Berlin Biotech Advances its Cancer Drug in a New Trial with Keytruda

Noxxon Merck checkpoint inhibitor combination

Noxxon Pharma has teamed up with the NCT in Heidelberg to conduct a Phase I/II trial combining its lead NOX-A12 with checkpoint inhibitor Keytruda.

Based in Berlin, Noxxon is yet another biotech looking to bolster the success of checkpoint inhibitors by combining them with its ‘next-generation’ immuno-oncology candidates. The company partnered up with Merck & Co. in 2016 to get hold of its PD-1 inhibitor Keytruda for a Phase I/II trial in patients with metastatic colorectal and pancreatic cancer.

Now, Noxxon has also won the prestigious National Center for Tumor Diseases (NCT) in Heidelberg as its partner to conduct the new trial, which will combine Keytruda with Noxxon’s lead candidate NOX-A12.

The company believes that NOX-A12 has the potential to foster the effect of checkpoint inhibitors by making the tumor microenvironment (TME) more accessible to the immune system. These effects derive from its interaction with the chemokine CXCL12, which acts within the TME to promote cancer cell survival and growth and blocks the entry of immune cells.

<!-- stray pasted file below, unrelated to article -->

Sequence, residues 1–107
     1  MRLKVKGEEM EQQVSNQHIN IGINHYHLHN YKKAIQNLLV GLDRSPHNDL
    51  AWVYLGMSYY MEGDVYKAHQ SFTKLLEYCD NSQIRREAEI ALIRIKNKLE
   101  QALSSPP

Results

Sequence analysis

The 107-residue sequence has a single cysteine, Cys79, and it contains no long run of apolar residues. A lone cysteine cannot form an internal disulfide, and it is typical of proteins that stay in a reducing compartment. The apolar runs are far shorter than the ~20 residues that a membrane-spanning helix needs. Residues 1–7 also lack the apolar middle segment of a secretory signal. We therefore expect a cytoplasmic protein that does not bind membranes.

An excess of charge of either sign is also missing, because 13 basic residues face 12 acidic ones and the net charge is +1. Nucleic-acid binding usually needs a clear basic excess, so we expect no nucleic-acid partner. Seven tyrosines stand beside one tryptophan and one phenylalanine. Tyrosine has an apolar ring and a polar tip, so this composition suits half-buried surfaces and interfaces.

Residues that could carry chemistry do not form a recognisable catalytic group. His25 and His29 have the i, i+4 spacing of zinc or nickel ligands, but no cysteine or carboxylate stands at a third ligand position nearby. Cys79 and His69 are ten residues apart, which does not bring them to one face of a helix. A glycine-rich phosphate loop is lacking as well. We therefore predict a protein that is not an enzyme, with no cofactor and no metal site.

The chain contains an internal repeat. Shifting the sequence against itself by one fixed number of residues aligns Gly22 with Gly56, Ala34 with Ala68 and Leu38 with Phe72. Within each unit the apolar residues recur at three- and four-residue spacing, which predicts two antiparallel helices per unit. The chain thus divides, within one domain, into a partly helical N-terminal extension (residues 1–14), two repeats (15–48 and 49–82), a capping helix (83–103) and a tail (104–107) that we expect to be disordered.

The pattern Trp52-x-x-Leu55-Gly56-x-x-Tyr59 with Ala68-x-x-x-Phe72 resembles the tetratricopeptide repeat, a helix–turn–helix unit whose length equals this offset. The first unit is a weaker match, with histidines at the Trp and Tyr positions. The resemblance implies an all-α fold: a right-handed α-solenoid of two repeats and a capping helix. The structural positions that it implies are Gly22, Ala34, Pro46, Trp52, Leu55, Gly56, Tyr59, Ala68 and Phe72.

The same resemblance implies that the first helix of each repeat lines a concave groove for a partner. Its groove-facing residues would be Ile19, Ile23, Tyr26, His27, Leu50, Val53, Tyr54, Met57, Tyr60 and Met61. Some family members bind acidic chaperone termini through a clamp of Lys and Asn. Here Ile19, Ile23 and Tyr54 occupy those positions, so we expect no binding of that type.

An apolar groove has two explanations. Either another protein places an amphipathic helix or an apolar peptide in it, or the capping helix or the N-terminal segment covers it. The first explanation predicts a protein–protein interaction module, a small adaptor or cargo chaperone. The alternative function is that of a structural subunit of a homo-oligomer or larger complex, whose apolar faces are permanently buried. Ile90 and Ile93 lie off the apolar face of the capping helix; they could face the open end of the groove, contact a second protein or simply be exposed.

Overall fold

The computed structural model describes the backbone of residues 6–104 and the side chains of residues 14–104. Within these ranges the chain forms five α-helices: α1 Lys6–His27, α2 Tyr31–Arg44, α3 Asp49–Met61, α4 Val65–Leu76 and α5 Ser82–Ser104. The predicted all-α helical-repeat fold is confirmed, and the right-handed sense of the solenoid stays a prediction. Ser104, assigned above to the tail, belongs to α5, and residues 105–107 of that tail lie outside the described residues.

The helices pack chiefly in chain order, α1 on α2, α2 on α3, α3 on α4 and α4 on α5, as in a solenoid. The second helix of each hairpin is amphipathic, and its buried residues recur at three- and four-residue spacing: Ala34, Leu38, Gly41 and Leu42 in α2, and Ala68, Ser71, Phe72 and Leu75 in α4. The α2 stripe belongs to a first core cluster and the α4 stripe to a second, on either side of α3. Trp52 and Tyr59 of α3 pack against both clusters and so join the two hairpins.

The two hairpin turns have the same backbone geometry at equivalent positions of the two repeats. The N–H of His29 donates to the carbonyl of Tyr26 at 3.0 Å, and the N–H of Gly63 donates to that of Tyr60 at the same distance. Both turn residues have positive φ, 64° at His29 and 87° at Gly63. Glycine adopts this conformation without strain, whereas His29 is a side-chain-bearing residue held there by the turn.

Despite promising results in the clinic, checkpoint inhibitors are not effective in all cancers and the space is marked by several unexpected late-stage failures. Many believe that the future of immuno-oncology is therefore based on combination therapies and while NOX-A12 has already passed a number of Phase II trials in several hematological malignancies, the biotech is bidding on its ability to enhance the current wave of checkpoint inhibitors.

Meanwhile, the number of competing companies trying to develop the next combination therapy for cancers irresponsive to current immunotherapies is growing. Israelian BioLineRx is also combining Keytruda with its CXCR4 inhibitor in a Phase IIa study for pancreatic cancer, and last week Vaximm teamed up with Merck KGaA to combine its cancer vaccines with the newest checkpoint inhibitor avelumab in advanced colorectal cancer.

Even though competition in the field is fierce, biotech and pharma are working hard to pin down the cancers that so far remain untouched by checkpoint inhibitors. 

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